All senior management teams must walk a tightrope between funding exciting ideas for new products, services, or markets and keeping costs and risk-taking in check. Shareholders, boards, and managers alike understandably don’t want to waste money or take unnecessary risks that harm the reputation of carefully cultivated brands or cost a lot of money in fines and work to remedy the problem.
However, as in-depth analysis shows, those companies that have been able to consistently grow faster than industry peers, even in tough economic times, do fund bigger, bolder ideas. They have also have invested more consistently in transformational growth bets, achieving a 79% greater return on R&D spending over the average organization.
In short, these “efficient growth” companies are successful because they weight the R&D portfolio toward more transformational innovations. This is certainly easier said than done, but those that have managed it, first address barriers or “anchors,” such as red tape, an emphasis on cost reduction, short-term biases, and fear of failure.
Two Steps to Take
R&D teams should work with corporate leaders and peer functions such as Finance to identify smart risks to take, rather than dwelling on uncertainties to avoid. To encourage calculated risk taking, R&D teams can take two steps.
Accept a higher degree of uncertainty for new growth ideas: Given the uncertain nature of big bet investments, the R&D team at one large oil and gas firm that CEB, now Gartner works with often struggled to secure internal approval for transformational projects. To overcome senior leaders’ apprehension, the CEO established new criteria for evaluating long-term, breakthrough investments.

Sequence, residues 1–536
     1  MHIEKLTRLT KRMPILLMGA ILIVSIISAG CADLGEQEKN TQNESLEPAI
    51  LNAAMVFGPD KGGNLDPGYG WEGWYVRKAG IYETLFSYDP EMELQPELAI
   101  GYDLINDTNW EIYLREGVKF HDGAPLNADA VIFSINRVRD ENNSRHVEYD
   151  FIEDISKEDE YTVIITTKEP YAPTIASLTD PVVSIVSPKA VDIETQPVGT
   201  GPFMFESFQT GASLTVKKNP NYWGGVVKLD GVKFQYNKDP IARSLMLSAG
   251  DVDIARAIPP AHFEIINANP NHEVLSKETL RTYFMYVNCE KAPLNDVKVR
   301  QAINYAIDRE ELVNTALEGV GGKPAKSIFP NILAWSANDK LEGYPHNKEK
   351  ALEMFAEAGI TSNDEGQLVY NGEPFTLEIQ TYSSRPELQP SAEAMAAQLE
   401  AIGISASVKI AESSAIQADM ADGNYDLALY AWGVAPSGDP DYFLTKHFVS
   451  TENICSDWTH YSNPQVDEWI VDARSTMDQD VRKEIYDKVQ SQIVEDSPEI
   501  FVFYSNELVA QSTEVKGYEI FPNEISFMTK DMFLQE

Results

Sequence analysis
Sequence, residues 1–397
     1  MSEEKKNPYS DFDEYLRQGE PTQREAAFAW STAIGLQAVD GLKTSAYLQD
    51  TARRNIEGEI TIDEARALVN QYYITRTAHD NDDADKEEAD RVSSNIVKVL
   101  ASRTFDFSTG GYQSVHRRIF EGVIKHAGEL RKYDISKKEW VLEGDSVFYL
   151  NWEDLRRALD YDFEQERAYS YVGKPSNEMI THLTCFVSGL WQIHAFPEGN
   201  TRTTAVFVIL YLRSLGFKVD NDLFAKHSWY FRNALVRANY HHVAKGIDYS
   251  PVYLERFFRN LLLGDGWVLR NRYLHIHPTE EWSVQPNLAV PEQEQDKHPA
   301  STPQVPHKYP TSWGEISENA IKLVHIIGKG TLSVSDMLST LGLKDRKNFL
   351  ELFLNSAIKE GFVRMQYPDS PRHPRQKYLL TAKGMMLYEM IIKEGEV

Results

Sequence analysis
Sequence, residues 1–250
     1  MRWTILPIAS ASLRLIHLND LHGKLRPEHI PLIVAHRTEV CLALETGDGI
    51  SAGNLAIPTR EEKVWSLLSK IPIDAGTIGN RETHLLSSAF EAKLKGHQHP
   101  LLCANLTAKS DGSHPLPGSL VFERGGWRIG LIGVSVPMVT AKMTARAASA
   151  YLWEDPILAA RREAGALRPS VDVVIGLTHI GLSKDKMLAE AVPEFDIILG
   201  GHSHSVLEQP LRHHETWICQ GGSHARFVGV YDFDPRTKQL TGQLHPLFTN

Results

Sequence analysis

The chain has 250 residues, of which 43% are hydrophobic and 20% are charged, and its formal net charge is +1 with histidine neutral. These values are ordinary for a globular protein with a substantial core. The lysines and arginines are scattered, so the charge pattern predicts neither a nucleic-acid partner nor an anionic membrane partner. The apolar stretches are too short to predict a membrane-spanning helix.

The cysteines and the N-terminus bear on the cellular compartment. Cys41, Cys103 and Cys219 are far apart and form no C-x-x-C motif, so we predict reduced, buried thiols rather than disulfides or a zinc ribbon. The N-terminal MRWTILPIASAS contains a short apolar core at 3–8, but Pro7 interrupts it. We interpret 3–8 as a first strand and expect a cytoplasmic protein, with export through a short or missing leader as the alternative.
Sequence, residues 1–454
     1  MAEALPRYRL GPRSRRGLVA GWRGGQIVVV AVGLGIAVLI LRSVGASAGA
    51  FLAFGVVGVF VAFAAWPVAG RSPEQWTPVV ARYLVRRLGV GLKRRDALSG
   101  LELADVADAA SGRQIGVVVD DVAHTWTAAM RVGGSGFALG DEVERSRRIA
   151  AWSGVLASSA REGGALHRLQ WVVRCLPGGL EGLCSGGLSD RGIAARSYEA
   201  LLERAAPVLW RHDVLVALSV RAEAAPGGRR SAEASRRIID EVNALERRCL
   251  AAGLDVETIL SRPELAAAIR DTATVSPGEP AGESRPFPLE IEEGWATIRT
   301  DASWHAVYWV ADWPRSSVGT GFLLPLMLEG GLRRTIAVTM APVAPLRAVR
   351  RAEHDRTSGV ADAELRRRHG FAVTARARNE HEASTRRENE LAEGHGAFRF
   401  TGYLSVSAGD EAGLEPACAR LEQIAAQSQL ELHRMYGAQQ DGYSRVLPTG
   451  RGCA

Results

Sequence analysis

While the company continued to perform net-present-value and return-on-investment calculations for transformational project proposals, managers deliberately shifted to emphasize qualitative drivers of strategic value — particularly a project’s alignment with corporate growth objectives and ability to offer a competitive advantage — to account for the unreliable nature of quantitative projections when evaluating transformational investments.
Establish exit triggers to objectively end initiatives: While many R&D teams have criteria for initially evaluating investments, it is crucial to also outline “exit triggers” to help objectively determine when to end — or when to persist with — a big bet initiative.
To ensure projects receive the appropriate level of scrutiny, the R&D team at a big maunfacturer set a 30- to 90-day “churn period” to investigate a project proposal for uncertainties; this reduces emotional attachment to “pet projects” while also ensuring promising ideas are not under-scoped. At the end of this period, the company can feel confident that a project has undergone fair and thorough vetting before it is approved or rejected.